The Invention of Hugo Cabret
by Brian Selznick
Symbolism, Imagery, Allegory
The only thing he needed was the key. The original key had been lost in the fire, and all the other keys he found around the station and in the windup toys from the booth didn’t fit. But when he saw the key around Isabelle’s neck, he knew right away it would work. And now he had it. (1. 12.2)
Well, well, well. It's the final piece of the puzzle folks—the key that unlocks the mystery of the automaton, of Georges's past, of Hugo's future.
Hugo's done all the work that he can fixing that automaton, but he still needs something to fit into the mechanical man’s back. And isn't it odd that he can’t find that piece himself? How strange that he needs to use something that Isabelle has in order to get it started. Verrry interesting, no?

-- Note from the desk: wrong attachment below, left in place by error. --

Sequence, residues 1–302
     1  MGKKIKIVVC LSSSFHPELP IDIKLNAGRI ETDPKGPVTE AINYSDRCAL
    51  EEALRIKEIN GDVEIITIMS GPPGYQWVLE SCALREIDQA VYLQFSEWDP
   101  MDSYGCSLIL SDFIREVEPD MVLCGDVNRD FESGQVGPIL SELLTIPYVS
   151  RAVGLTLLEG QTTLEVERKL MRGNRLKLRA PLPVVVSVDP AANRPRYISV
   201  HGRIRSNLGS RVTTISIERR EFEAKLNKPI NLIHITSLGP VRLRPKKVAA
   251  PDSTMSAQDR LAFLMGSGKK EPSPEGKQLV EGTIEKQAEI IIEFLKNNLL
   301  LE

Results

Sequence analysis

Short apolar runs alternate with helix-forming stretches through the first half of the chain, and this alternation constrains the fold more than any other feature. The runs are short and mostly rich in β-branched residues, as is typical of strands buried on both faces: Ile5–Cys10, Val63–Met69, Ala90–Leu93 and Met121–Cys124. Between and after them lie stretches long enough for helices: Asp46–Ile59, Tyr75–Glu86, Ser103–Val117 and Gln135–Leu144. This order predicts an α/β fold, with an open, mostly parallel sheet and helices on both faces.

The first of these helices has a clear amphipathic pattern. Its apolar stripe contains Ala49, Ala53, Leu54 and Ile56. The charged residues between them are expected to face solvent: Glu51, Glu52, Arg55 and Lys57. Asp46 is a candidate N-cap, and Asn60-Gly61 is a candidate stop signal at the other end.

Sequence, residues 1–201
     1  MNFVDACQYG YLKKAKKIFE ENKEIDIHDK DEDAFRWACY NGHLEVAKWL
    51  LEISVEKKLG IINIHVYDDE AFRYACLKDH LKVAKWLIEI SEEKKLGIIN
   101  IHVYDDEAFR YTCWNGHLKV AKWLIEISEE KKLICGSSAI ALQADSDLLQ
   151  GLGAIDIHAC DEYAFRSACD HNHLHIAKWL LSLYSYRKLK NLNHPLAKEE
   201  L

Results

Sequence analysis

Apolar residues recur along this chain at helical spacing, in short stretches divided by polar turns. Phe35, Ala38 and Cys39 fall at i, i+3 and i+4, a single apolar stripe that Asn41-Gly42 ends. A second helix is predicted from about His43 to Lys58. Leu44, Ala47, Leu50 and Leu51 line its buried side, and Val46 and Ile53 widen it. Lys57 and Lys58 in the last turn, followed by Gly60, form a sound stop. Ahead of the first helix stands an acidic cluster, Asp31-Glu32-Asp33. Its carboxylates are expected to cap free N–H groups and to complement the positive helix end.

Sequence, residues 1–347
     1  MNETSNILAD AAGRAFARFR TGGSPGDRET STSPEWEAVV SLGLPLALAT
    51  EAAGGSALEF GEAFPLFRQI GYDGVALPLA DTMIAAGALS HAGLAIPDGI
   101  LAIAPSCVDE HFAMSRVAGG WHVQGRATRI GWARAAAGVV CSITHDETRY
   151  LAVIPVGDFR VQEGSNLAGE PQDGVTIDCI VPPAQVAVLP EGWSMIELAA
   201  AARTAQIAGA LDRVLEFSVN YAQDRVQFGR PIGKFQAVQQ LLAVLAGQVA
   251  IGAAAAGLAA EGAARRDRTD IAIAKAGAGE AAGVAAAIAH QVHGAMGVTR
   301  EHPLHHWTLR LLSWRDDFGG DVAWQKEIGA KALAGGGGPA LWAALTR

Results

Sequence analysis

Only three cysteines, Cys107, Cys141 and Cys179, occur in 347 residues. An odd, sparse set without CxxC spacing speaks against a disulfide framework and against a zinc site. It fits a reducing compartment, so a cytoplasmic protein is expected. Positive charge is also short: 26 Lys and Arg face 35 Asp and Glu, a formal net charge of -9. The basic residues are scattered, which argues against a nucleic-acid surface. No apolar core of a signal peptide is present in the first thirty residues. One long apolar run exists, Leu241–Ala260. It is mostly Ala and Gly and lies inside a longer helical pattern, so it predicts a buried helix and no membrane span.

The thing is, the story stresses that it’s good to be independent, to have your own interests and your own brand of confidence, but sometimes you just need a little bit of help. You can be almost there, but a bit of human connection never hurts.
And for Hugo, he was able to fix the automaton all by himself, but he needed something that Isabelle had in order to get the contraption working. Otherwise, it's just a lifeless toy. With the key, it comes to life and brings them all together. That’s exactly what we’d call magic.